1. Trade secrets. China’s 2017 amendment to its Anti-Unfair Competition Law (AUCL) represented a major missed opportunity to address a number of critical issues.  Unfortunately, China did not address major flaws in its outdated legislation, including the overly narrow scope of covered actions and actors, obstacles to injunctive relief, the need to allow for evidentiary burden shifting in appropriate circumstances as well as other concerns.  However, most importantly, despite long-term engagement with the U.S. and others, China chose not to establish a stand-alone trade secret law.  Instead, the government decided to continue to seat important trade secret provisions in the AUCL, which is an unfortunate arrangement that contributes to definitional, conceptual and practical shortcomings relating to trade secret protection.
  2. Manufacturing, domestic sale and export of counterfeit goods. In 2017, China failed to take decisive action to curb the widespread manufacture, domestic sale, and export of counterfeit goods.  Unfortunately, during the past year, China, together with Hong Kong (through which Chinese merchandise often transships), accounted for 78 percent of the value (measured by manufacturer’s suggested retail price) and 87 percent of the seizures by the U.S. Customs and Border Patrol.  Interestingly, these figures are similar to those reported by the European Union.  In fact, by one estimate, counterfeits may account for over 12 percent of Chinese merchandise exports.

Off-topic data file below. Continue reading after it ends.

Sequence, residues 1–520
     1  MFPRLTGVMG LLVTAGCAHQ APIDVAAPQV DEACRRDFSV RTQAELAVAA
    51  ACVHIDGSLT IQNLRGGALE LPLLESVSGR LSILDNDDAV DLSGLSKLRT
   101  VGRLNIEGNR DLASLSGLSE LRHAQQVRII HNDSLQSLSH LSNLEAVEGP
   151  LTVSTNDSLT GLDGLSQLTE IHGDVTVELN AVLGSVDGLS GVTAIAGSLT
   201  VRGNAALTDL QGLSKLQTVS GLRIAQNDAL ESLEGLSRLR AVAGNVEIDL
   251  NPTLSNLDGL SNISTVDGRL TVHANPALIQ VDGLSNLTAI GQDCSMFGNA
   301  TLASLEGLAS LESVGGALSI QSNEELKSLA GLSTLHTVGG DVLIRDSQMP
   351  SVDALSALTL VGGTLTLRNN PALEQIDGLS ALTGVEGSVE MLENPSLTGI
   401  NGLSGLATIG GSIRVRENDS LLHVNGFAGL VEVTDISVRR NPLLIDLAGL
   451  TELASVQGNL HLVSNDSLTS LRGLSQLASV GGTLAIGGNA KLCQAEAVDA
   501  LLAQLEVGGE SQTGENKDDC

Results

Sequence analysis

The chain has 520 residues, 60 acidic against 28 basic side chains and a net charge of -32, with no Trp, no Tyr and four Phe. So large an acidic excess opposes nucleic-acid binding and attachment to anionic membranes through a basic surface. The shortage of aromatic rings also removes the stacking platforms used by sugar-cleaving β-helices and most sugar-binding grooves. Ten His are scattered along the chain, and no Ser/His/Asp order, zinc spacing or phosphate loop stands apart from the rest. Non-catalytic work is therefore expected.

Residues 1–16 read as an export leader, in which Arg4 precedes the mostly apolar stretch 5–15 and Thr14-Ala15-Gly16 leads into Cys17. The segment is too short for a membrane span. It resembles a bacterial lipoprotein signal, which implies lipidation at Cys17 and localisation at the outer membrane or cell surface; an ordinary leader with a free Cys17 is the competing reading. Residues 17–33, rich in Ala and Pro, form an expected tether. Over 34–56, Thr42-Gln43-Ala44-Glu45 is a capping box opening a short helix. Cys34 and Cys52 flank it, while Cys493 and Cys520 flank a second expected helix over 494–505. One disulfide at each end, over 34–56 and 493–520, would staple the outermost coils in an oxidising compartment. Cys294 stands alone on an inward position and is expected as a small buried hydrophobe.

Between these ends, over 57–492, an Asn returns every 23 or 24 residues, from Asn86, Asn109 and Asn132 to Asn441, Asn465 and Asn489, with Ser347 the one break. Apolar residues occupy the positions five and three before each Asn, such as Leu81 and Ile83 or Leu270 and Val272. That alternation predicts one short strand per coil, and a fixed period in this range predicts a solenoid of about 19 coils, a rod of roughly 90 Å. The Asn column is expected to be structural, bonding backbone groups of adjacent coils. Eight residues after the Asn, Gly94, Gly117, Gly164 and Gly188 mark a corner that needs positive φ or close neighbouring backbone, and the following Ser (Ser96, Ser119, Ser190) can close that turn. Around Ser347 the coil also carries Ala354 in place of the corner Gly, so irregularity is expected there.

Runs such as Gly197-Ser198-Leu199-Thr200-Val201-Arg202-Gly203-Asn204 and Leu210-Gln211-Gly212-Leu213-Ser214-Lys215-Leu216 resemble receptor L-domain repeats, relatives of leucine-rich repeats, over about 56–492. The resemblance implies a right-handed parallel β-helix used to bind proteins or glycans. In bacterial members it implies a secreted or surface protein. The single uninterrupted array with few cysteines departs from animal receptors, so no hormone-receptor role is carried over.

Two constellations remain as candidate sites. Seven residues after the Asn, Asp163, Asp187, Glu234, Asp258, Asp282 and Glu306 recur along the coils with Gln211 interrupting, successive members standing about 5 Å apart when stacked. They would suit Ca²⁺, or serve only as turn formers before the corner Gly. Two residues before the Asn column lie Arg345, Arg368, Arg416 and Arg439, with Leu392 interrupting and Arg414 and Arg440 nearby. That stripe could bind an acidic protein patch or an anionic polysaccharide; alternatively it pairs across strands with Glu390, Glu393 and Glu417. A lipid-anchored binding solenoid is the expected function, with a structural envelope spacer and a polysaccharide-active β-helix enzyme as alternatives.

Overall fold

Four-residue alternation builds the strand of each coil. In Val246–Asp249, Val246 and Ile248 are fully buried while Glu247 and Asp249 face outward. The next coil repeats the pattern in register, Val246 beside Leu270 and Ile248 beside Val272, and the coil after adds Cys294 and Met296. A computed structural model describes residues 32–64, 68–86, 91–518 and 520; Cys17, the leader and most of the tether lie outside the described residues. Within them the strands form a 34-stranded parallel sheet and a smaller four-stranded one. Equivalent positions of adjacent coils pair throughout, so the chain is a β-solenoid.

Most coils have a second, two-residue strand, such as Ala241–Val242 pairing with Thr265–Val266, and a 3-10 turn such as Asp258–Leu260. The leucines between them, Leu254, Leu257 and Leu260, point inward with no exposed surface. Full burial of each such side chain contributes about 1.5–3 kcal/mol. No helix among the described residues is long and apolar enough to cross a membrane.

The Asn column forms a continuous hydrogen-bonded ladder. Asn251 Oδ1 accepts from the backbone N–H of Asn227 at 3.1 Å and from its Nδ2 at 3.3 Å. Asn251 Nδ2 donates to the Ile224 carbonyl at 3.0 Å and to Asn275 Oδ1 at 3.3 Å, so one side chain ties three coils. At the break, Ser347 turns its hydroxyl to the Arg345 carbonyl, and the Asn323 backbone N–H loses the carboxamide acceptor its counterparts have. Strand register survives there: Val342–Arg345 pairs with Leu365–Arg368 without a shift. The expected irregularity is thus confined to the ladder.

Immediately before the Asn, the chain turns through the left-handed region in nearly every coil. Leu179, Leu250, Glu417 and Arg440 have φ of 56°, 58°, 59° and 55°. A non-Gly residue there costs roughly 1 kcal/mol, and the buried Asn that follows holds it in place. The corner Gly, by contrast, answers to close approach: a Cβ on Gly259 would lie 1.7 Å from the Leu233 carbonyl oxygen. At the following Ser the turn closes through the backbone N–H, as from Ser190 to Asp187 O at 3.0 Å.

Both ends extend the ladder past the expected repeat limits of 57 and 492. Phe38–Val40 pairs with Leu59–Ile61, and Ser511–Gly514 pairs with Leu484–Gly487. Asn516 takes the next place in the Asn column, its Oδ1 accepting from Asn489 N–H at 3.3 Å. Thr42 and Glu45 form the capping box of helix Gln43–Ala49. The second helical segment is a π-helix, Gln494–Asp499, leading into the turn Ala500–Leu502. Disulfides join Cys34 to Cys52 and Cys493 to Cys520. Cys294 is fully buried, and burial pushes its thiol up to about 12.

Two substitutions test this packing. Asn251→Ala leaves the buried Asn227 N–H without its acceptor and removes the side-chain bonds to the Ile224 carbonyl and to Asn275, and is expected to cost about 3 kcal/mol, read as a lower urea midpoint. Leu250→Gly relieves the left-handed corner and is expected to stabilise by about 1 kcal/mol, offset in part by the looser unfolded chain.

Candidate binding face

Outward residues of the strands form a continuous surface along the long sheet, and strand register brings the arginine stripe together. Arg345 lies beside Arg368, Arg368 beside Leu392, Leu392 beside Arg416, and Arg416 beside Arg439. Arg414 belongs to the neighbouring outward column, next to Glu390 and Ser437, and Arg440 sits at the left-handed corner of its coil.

3. Failure to promote innovation through sound patent and related policies. Currently, China’s fourth amendment to its patent law remains pending.  With respect to this latest amendment, concerns exist regarding:  (i) the presence of concepts involving competition law that belong elsewhere; (ii) an undue emphasis on administrative enforcement; (iii) a one-size fits-all disclosure obligation in standards setting processes; (iv) a failure to clarify that a patentee’s right to exclude extends to manufacturing for export; and (v) the need to harmonize China’s patent grace period and statute of limitations with those of international practices.  For example, effective April 1, 2017, China’s revised patent examination guidelines came into effect that appeared to address, among other issues, the treatment of supplemental data submitted in support of pharmaceutical patent applications.  However, right holders report that Examiners still have not applied the guidelines to all examination questions to which supplemental data is germane which often leads to the denial of such applications on alternative grounds despite the fact that counterpart applications are granted by other major patent offices.  By way of another example, the U.S. was encouraged by the China Food and Drug Administration’s draft Notices 52-55 issued in May 2017.  This draft notice stated that China’s regulatory authorities would define a “new drug” as one that was new to China, including those first marketed outside of China.  However, in November 2017, China issued its draft Drug Registration Regulations (DRR), which failed to reinforce the notion set forth in the draft Notice 55.  Specifically, the draft DRR defined a “new drug” as only one that was new to the world, meaning that if a drug had been marketed outside of China, but had not yet launched in China, it would not quality as a “new drug”.  Unfortunately, only a “new drug” can receive full regulatory data protection in China.  Clearly, this regulation puts foreign pharmaceutical applicants at a competitive disadvantage with domestic counterparts which may have the indirect effect of forcing companies to file first in China, despite the fact that market demand or health needs reside elsewhere.